By Rich Miller Editor, Data Center Frontier Smart Cities, Internet of Things (IoT) & Autonomous Cars
Published in Issue 1 | MARCH 10, 2019
Smart Cities are a key component of our digital future, bringing together the Internet of Things, Big Data, Artificial Intelligence and self-driving cars to change the way we live and do business in major urban centers.
The Smart City integrates information technology into the fabric of city life, using analytics and sensors to better manage cities and make urban life safer, more efficient and sustainable. It’s just one more expression of how next-generation technologies are remaking the American landscape.
Some elements of the Smart City remain years away, and face significant barriers to adoption. But the rapid advances in technology are providing city managers and policy makers with intriguing new tools.
The IoT is already bringing intelligence to everything from trash cans to park benches to dedicated adsupported WiFi. The goal is to allow cities to use sensors and data analysis to bring intelligence to urban environments, and improve the quality of life for residents.
The trajectory of Smart Cities has been further transformed by the rise of autonomous vehicles, which have the potential to bring transformational changes in how cities are designed and function. Futurists and Smart Cities advocates foresee a future in which self-driving cars communicate with one another and with the infrastructure around them. Imagine an urban landscape in which cars communicate with streetlights to improve traffic flow, and use sensors to locate empty parking spaces – and naturally, park themselves.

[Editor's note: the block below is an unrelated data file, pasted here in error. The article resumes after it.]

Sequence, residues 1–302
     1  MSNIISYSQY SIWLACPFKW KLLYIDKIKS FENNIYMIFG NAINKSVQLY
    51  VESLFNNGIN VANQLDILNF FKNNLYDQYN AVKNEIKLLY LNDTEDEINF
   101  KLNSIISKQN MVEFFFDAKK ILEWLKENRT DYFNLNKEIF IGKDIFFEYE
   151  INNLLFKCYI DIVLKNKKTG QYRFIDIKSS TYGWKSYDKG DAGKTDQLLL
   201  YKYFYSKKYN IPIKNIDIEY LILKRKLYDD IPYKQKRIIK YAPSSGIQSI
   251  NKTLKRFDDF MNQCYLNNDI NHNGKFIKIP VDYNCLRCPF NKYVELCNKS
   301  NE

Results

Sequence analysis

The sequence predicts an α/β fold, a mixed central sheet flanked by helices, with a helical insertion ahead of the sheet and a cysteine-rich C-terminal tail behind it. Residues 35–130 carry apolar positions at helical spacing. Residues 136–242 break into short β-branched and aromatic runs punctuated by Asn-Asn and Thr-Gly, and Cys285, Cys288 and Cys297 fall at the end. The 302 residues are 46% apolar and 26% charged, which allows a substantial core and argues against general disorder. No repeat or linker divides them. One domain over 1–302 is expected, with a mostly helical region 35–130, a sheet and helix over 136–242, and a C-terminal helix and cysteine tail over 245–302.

Data centers will be major beneficiaries of the emergence of Smart Cities, which will require lots of connectivity, data storage and compute power for analytics to crunch all that data. Early adopters are already deploying networks of sensors and devices to lay the groundwork for more ambitious smart infrastructure ahead.
“Data centers that support Smart Cities can’t be designed on power and real estate concerns,” said Melvin Greer, Chief Data Scientist at Intel Corp. “They’ll be designed in a much smaller footprint and focused on a much more concentrated series of concerns. In the Smart Cities of the future, the data will be more important than the center.”
A number of developers and service providers are positioning themselves to benefit from demand for urban IT infrastructure. Smart Cities are a particular flavor of edge computing, with the accompanying focus on right sizing the data center form factor.
When it comes to data center infrastructure, Smart Cities will mix the old and the new, creating opportunities for traditional “core” connectivity hubs as well as smaller data centers optimized for edge computing.